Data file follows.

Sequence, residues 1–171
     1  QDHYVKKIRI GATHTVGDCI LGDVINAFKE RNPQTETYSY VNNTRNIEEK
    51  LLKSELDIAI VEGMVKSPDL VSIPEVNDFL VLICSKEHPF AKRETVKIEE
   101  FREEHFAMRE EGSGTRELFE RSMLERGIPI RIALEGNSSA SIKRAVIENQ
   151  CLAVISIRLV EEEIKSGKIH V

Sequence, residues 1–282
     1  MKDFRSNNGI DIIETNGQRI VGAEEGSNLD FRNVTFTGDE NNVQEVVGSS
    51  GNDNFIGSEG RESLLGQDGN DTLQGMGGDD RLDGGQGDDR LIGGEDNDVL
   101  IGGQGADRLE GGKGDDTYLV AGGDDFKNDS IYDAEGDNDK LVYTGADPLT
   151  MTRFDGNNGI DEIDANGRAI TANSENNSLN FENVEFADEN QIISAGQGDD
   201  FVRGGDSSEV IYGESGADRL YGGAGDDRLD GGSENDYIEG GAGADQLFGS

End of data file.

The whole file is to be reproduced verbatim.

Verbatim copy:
Sequence, residues 1–171
     1  QDHYVKKIRI GATHTVGDCI LGDVINAFKE RNPQTETYSY VNNTRNIEEK
    51  LLKSELDIAI VEGMVKSPDL VSIPEVNDFL VLICSKEHPF AKRETVKIEE
   101  FREEHFAMRE EGSGTRELFE RSMLERGIPI RIALEGNSSA SIKRAVIENQ
   151  CLAVISIRLV EEEIKSGKIH V

Sequence, residues 1–282
     1  MKDFRSNNGI DIIETNGQRI VGAEEGSNLD FRNVTFTGDE NNVQEVVGSS
    51  GNDNFIGSEG RESLLGQDGN DTLQGMGGDD RLDGGQGDDR LIGGEDNDVL
   101  IGGQGADRLE GGKGDDTYLV AGGDDFKNDS IYDAEGDNDK LVYTGADPLT
   151  MTRFDGNNGI DEIDANGRAI TANSENNSLN FENVEFADEN QIISAGQGDD
   201  FVRGGDSSEV IYGESGADRL YGGAGDDRLD GGSENDYIEG GAGADQLFGS